Typically, one can expect to find an eleven-year-old playing outside under the glistening sun on a beautiful summer afternoon, coming inside only for water, in fear of missing out on what is happening outside. Times have changed. Drastically. “Screen time” has become a serious issue.
Last month during the DEFCON conference in Las Vegas, news broke of an eleven-year-old boy hacking into a replica of the Florida election results website. He was able to change results in under ten minutes. This kid was self-taught, as are many of the other young people developing skills that have the potential to undermine democracy. The young man proved to the government that we are prime targets for potential nefarious actors. And, if a professional had been attempting the same hack it may have only taken 2 minutes to access the system.
The point of the simulation was to see how quickly students could gain access into the election systems through any of its components. This successful hacking event certainly did not earn a vote of confidence within the cybersecurity community. At this rate, experts across the country agree: It is not a matter of IF, but WHEN, our elections will be hacked again.
There is a reason the program featured students hacking the election system. The experts said it was too easy for them to waste their time. With outdated systems still in use, it should be no surprise that a talented middle schooler can hack the polls with little to no effort. Although this “hackathon” was only a simulation, it highlights real threats posed by malicious agents and hobbyist alike.
The United States fell victim to election hacking during the 2016 presidential race. This massive breach not only discourages confidence in our system, but may actually stop some people from going to the polls. This nation began with heroes stepping up and risking it all. Now, we need the same level of heroism from patriots who want to assure this nation goes forward with a democracy we recognize.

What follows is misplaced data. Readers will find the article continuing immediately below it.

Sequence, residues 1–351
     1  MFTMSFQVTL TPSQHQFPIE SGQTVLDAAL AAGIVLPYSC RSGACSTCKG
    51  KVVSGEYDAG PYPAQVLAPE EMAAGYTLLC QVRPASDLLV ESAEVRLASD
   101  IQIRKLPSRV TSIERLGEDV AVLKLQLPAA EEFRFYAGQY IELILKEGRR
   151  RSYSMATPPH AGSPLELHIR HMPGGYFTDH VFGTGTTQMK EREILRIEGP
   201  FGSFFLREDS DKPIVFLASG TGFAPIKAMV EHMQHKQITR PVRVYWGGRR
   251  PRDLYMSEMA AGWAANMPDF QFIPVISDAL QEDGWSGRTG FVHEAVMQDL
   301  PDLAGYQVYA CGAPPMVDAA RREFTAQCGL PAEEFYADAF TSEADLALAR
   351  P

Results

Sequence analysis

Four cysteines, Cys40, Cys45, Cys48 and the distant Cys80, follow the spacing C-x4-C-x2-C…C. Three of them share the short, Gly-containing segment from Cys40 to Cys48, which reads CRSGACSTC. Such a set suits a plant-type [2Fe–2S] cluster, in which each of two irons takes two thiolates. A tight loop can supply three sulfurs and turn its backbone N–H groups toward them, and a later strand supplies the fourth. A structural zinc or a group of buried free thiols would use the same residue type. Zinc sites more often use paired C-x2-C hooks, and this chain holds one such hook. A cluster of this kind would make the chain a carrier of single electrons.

The elections are only a symptom of the issues we face going forward. There is a projected 1 million shortage of cyber professions. If we don’t move to effectively solve this issue with the brilliant young Americans that we have in waiting, we deserve what we are bound to get. We must make it a priority to educate and prepare our youth to take the cybersecurity field by storm.
With midterm elections rapidly approaching, it is clear we need to become smarter than a fifth grader. An important point to note: The hacker wins if they deliver a payload of doubt even if they don’t successfully enter the network. We have embarked on a journey where hacking the system can be a product of an action taken because of a lack of belief in the system. Same result.
It is evident that hacking our critical infrastructure could have major impacts on our elections. If a major transportation provider like Metro, BART, or MARTA is disabled because the system is electronically corrupted some of the conveyances may fail. This translates into people not making it home to vote in the mid-term elections. Doesn’t this count as hacking the elections?
It has been said that those who fail to plan, plan to fail. I suggest we open our minds to the art of the possible and use U.S. made talent for good, before we find out what “bad” really is…..